Doctor of Philosophy
Michael H Ferkin
David A Freeman
Michael L Kennedy
Lyndsey M Pierson
The domestic feline has lived among humans for thousands of years, dispersing across the world as they provided companionship along trade routes. But, as this relationship has persisted, the cognition of these pets is seldom studied compared to other companion animals. Cats have become the second largest population of companion animals following dogs. Much of what is perceived about the cognition of these animals is anecdotal; empirical evidence is needed. These studies examine three aims to enrich the growing literature on feline cognition in the areas of quantity discrimination, episodic memory, and individual recognition. A total of 130 domestic cats, including shelter cats and pet cats, were recruited for these studies. Aim one saw cats presented with quantity discrimination tasks that were performed using food items divided into 8 ratios. The quantity initially approached and time spent investigating both quantities was recorded for analysis. Aim two examined episodic memory in cats by observing the time cats spent interacting with 3 bowls that contained food items, inedible objects, and an empty container during an exposure phase. During the test phase, the containers were presented with all previous contents removed. The time cats spent investigating during the exposure phase and test phase were recorded for analysis. Aim three used a habituation/dishabituation paradigm to examine the ability of cats to recognize novel humans using olfaction. During habituation, the cats were acclimated to the scent of a human donor. In the dishabituation phase, the cats were exposed to the scent of the now familiar human and the scent of a novel donor. It was assumed that cat recognized the scent of the familiar human if more time was spent investigating the scent of the novel donor. The results show support for abilities to discriminate quantities and recall episodic memories. However, there is a lack of support for the recognition of unfamiliar humans using chemical cues. Future studies may examine sex differences in discrimination of quantities and individuals, as well as develop models to examine the length of memory retention at times above 12 hours. Increasing the understanding of feline cognition may lend to the development of species-specific methods that support the care and welfare of these animals, finding mechanisms involved in the development of behavioral issues, and less invasive and safe handling alternatives for stressed individuals in clinical, shelter, and home settings.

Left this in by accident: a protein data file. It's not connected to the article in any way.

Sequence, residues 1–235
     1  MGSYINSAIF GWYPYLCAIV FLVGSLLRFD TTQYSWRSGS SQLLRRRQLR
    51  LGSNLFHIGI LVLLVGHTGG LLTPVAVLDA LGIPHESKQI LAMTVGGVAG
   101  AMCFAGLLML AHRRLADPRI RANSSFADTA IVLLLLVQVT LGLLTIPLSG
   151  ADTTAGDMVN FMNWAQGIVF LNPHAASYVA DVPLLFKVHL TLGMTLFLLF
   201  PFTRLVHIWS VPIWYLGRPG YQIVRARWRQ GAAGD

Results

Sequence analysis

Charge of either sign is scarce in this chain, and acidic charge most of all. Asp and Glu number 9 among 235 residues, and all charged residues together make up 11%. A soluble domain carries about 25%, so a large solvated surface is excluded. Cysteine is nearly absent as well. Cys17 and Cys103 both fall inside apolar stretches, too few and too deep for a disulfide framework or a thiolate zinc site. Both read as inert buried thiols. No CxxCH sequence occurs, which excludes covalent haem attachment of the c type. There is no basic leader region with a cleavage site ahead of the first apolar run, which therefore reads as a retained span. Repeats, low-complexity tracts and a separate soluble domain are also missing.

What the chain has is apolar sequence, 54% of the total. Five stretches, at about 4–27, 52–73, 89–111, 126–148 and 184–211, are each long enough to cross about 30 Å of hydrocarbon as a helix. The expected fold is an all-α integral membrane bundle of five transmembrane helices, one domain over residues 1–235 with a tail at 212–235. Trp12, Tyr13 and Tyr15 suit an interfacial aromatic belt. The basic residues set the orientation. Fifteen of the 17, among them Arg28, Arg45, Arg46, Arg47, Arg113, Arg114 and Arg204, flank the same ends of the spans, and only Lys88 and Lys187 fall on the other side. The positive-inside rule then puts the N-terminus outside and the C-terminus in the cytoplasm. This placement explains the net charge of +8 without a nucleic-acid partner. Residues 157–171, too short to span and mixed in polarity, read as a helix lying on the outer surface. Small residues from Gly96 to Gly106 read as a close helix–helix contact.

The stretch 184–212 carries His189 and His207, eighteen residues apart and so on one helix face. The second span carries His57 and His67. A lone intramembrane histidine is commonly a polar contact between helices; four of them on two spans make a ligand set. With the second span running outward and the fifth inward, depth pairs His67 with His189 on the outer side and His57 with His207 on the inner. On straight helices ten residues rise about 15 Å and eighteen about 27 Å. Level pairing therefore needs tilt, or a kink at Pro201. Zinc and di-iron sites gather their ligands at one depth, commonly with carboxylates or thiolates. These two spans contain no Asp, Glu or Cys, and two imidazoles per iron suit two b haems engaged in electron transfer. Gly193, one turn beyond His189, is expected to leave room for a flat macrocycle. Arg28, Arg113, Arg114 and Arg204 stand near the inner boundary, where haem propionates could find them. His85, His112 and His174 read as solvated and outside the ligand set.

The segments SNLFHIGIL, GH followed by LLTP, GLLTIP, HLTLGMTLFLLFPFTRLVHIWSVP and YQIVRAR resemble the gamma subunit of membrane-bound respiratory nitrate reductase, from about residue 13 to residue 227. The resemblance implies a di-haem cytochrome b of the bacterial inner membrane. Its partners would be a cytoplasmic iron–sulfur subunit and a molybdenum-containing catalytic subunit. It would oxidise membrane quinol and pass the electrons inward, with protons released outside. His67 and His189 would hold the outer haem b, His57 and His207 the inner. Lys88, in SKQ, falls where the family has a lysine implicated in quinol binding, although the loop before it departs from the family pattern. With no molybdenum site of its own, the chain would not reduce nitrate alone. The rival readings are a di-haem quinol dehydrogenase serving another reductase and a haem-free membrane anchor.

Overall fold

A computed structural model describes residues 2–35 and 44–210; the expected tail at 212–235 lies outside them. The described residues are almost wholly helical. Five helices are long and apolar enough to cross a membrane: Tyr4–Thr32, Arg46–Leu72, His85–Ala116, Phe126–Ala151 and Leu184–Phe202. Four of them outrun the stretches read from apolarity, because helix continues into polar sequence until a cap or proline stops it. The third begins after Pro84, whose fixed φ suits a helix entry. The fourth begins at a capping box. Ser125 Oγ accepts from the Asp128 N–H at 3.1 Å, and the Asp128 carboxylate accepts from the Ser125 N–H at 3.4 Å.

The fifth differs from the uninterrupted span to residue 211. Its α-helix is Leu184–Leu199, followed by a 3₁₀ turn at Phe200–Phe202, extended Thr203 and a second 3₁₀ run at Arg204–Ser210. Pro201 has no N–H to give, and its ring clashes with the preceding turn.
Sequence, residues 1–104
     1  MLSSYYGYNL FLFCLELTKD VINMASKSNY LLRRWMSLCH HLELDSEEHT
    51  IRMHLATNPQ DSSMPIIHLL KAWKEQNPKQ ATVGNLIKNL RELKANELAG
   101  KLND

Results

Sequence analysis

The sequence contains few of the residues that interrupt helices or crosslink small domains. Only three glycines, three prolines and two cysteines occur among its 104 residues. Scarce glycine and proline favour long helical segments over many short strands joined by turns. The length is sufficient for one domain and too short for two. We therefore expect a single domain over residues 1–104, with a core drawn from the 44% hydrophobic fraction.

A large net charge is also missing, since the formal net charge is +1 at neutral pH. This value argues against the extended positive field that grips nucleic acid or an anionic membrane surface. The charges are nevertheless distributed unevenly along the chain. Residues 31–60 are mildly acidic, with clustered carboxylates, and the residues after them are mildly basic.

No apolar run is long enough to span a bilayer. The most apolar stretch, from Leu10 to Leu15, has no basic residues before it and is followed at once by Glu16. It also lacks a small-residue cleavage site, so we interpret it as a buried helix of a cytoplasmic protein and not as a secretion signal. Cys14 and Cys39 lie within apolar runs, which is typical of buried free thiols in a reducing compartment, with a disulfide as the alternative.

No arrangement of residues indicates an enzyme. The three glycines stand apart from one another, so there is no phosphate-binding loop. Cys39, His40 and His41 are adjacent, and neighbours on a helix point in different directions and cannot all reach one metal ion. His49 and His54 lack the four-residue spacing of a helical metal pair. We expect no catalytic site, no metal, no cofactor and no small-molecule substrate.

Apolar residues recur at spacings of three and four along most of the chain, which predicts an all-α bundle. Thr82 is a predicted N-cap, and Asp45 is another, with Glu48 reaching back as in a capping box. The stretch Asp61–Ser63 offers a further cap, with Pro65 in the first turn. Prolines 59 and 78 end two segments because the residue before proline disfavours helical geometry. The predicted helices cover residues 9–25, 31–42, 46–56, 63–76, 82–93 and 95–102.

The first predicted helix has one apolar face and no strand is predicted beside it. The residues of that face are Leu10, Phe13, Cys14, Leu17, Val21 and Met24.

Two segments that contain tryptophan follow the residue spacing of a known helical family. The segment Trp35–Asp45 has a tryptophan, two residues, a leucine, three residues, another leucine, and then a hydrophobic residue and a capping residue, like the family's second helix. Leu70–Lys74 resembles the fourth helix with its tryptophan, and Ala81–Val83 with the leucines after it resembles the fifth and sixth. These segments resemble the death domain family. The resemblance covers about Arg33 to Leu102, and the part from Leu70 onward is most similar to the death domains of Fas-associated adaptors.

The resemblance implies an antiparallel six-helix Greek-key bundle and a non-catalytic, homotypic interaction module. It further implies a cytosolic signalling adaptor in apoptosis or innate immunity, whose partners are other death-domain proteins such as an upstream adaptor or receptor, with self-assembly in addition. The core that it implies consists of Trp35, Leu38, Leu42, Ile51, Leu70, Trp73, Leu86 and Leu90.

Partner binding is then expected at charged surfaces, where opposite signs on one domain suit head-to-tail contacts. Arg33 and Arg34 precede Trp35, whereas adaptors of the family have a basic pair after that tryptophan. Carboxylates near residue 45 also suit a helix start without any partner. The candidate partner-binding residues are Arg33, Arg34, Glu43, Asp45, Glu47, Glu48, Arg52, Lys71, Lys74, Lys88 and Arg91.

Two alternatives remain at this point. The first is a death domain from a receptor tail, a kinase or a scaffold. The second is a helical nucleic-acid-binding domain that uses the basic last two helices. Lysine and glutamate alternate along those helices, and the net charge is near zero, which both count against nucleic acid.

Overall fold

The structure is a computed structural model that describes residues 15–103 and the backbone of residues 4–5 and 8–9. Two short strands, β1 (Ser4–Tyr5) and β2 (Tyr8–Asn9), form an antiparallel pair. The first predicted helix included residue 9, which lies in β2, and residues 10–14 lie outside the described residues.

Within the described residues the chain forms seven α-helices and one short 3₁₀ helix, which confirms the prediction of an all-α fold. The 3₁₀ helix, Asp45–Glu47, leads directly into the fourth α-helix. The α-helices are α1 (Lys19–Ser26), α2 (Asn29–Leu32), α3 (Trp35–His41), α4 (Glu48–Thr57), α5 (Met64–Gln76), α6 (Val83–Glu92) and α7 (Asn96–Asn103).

Dissertation or thesis originally submitted to ProQuest.
Murden, Felice A., "Exploring the Mind of the Domestic Feline" (2023). Electronic Theses and Dissertations. 3300.